Religions have functioned throughout human history to inspire and justify the full range of human agency, both for good and for ill. The widespread failure to understand the power of religion in human experience fuels bigotry and prejudice, leads to conflicts and crises, and hinders cooperative endeavors. To mitigate these consequences, there is an urgent need to promote a more sophisticated understanding of religion in public life.
The master of religion and public life degree (MRPL) is a one-year graduate degree program designed for experienced professionals who wish to develop in-depth knowledge of the complex ways religion influences public life related to their career areas. The MRPL degree provides an opportunity for mid-career journalists, government officials, humanitarian aid workers, educators, artists, health care professionals, lawyers, and other practitioners to become leaders in their fields who can help foster a better public understanding of religion and address the religious dimensions of some of the most difficult issues of our time.
Specifically, the MRPL degree allows professionals to gain advanced knowledge about religion through coursework, a shared seminar with other professionals, and a final project that will contribute to deepening understanding of religion within their fields. Graduates will be equipped to serve as leaders regarding the public understanding of religion and how it impacts their profession. They will be able to create resources and conduct training workshops and seminars for their peers either independently or in conjunction with Religion and Public Life at HDS. Students are eligible to take courses from HDS faculty and from other faculties across Harvard to help them develop a course of study that is relevant to their professional interests.
MRPL candidates plan a program of advanced study with the faculty director of Religion and Public Life and their faculty advisor. To receive the degree, candidates must satisfactorily complete one year of full-time study (a minimum of eight 4-credit semester courses) within one year from the initial date of registration for the degree, according to the following stipulations:
- Both semesters must be spent in full-time study (a minimum of four courses each term) in residence in Cambridge. There are no online or distance learning options for this degree
- No course with a grade below B- may be counted toward the degree
- Students must earn a cumulative grade average of B or higher to meet graduation requirements
- At least four of the eight required courses for the degree must be completed from those offered at HDS
- One-half of the total number of courses each semester must be chosen from those offered at HDS
- A minimum of four of the eight courses must be taken for a letter grade
- Students are required to take Theories and Methods in the Study of Religion, and the MRPL Religion and Public Life Seminar (one four-credit course that meets over the full year).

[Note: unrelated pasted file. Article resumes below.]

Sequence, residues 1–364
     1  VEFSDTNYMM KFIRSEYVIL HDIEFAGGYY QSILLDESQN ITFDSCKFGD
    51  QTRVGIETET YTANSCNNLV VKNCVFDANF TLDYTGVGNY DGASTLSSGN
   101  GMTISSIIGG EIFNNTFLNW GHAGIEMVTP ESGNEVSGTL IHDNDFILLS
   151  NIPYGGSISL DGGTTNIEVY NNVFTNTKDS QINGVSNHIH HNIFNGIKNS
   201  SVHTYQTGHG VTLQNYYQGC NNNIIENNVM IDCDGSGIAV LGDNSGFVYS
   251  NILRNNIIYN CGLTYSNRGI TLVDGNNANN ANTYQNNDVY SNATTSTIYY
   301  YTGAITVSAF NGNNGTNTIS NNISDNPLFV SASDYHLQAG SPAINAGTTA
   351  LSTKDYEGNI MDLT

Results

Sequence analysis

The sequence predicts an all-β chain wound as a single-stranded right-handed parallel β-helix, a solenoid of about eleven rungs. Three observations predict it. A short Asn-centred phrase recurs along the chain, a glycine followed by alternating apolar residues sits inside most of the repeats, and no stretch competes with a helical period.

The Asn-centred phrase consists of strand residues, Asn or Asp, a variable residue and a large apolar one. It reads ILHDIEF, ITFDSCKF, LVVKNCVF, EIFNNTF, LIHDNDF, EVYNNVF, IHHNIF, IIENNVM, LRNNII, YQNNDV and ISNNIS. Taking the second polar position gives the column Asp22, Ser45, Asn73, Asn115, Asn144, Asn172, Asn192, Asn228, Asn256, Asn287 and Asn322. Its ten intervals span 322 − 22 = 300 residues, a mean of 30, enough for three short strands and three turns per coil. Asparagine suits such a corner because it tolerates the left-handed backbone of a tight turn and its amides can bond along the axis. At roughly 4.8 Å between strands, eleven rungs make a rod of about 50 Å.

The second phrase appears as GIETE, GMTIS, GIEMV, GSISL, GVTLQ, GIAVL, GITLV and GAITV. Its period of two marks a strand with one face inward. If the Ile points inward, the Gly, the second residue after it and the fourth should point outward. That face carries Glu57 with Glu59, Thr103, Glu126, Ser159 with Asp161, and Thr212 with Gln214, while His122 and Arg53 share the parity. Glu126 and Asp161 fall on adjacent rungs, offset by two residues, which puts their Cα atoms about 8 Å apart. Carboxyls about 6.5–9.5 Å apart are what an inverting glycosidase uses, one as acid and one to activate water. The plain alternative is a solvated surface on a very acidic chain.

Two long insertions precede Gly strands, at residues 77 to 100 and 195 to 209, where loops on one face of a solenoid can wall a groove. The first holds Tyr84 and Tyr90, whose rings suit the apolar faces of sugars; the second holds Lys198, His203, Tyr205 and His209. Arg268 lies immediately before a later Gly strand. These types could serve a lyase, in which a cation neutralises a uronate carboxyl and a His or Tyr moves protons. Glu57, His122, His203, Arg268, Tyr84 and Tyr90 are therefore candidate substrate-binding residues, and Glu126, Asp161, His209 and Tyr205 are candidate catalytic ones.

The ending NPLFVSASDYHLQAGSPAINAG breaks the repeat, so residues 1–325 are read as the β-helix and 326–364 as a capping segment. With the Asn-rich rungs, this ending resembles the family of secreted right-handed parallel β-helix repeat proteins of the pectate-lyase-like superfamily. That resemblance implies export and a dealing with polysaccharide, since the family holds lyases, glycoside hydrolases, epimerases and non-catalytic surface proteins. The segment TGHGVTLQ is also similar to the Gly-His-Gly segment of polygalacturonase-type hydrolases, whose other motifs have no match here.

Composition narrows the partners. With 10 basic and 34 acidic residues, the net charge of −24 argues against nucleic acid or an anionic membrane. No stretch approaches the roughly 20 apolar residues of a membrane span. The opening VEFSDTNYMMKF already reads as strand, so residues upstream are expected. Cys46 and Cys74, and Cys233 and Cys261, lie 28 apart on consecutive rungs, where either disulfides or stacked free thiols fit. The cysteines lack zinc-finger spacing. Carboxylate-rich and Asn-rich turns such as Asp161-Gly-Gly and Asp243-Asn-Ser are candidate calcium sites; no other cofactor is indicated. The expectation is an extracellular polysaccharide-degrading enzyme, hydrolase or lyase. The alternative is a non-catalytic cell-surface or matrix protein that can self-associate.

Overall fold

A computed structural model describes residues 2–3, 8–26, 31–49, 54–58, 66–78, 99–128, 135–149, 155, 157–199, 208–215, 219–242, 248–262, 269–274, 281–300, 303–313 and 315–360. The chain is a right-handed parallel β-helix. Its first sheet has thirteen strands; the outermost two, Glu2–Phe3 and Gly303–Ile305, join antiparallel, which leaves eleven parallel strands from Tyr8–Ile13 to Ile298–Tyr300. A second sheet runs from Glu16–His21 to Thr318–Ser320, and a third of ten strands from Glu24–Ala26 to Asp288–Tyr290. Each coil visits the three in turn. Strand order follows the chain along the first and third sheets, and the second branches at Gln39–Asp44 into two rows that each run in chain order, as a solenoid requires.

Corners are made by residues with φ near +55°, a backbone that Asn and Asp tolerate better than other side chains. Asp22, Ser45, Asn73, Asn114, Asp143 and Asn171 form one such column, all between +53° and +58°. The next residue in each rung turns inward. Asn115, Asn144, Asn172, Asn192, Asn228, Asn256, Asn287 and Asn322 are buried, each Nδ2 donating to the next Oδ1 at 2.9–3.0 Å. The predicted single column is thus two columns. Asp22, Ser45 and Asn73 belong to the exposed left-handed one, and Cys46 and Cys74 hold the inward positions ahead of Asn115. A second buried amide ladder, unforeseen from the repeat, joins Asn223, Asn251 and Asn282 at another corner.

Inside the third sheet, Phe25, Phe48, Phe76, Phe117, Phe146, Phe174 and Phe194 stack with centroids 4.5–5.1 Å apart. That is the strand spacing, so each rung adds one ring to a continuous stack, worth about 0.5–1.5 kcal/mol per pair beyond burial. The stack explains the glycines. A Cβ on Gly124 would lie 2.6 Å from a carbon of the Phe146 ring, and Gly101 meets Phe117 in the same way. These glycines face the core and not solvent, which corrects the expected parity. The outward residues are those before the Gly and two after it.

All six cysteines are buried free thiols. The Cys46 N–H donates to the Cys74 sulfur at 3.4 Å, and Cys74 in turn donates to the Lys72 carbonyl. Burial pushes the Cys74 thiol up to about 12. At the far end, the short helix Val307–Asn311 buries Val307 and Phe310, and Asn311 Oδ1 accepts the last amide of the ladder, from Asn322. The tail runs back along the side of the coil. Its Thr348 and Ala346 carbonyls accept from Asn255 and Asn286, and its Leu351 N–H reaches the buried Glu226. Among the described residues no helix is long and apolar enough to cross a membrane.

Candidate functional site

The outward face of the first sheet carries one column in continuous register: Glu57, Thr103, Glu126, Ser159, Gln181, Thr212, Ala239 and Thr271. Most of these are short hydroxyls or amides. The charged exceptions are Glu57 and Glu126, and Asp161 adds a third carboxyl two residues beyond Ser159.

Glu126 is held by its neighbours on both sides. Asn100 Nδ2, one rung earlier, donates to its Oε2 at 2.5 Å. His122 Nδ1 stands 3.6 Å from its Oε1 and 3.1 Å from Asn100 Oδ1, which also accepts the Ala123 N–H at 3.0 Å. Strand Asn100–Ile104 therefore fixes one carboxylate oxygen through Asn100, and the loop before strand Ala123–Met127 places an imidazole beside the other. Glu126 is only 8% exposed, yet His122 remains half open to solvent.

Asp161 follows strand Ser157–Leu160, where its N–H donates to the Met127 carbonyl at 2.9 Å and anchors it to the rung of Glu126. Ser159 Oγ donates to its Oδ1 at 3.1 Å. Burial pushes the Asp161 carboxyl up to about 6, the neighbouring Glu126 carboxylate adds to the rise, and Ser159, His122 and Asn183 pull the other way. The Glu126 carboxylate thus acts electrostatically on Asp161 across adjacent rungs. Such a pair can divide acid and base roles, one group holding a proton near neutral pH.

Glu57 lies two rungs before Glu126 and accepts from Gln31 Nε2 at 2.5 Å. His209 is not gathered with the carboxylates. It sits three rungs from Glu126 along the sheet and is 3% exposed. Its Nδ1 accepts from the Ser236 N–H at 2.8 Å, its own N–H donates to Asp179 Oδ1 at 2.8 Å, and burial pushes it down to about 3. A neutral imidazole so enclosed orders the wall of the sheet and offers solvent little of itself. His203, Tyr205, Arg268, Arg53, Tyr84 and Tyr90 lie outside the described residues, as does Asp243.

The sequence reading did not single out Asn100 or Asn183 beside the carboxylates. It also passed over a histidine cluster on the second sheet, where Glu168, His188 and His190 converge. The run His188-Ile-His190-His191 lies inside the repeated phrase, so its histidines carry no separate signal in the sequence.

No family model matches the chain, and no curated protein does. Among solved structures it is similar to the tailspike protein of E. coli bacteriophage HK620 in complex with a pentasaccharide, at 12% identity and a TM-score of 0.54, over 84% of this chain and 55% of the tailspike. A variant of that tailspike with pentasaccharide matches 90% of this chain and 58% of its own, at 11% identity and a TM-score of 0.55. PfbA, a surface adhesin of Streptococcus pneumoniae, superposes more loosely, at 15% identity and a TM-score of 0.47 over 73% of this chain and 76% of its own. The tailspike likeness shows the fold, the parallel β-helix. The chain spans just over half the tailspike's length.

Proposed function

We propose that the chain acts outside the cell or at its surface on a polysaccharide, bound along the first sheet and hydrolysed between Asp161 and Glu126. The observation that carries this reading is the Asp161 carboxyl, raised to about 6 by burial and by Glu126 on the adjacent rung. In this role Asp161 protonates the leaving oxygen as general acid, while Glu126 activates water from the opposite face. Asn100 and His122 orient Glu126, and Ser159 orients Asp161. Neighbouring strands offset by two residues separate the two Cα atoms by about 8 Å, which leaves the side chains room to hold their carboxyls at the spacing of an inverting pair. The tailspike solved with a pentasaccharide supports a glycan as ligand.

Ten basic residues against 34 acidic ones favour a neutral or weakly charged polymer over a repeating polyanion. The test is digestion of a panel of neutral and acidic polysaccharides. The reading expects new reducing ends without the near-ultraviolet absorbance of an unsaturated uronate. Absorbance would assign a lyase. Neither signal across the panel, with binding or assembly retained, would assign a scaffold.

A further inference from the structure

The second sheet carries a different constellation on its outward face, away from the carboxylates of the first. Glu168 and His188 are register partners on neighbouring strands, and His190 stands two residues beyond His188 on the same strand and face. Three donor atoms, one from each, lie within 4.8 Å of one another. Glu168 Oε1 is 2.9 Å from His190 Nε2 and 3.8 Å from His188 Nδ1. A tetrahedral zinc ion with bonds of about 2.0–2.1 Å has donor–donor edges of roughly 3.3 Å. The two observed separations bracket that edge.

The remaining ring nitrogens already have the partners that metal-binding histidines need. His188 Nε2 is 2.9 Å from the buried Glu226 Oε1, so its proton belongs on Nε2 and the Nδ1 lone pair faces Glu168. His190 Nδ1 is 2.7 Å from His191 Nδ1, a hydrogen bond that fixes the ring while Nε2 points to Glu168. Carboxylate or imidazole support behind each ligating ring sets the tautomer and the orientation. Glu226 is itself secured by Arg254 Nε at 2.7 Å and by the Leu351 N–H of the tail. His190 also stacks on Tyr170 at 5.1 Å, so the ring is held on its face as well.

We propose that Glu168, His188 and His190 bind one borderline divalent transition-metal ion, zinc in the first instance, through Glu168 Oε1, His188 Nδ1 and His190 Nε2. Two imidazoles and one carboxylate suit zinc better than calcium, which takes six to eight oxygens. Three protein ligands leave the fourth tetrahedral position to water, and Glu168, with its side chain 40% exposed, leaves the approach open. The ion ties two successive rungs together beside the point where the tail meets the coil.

MRPL students must complete a final project that engages the topic of religion within their profession. The final project would be shaped in consultation with the faculty instructor of the Religion and Public Life Seminar, MRPL candidate peers in the seminar, and the student’s faculty advisor. The final project may take one of the following forms:
- A portfolio addressing a particular theme in the intersection of religion and their profession (e.g., a series of case studies, a series of articles, or a portfolio of thematically linked artistic creations);
- Two smaller papers (each normally 20-30 pages in length);
- One large paper (normally 40-60 pages in length).
All options require approval from the faculty advisor and RPL director by mid-December. Final projects could incorporate work done in courses counting toward fulfillment of the MRPL degree requirements but must also represent substantially new material.
Oral Examination Requirement
Candidates for the MRPL must satisfactorily complete an oral examination administered by a committee composed of two members of the Faculty of Divinity with the option to include a member of their profession as a third outside reader. Oral examinations would take place in the spring when the course requirements are nearing completion. Candidates must submit their final project to the examiners prior to the exam. This project provides a starting point for questioning at the one-hour final oral examination.
Public Presentation Requirement
Candidates will be required to publicly present an overview of their final projects at a public symposium featuring their work that will be scheduled at the end of the academic year following their oral examination.
MRPL students pay one year of tuition.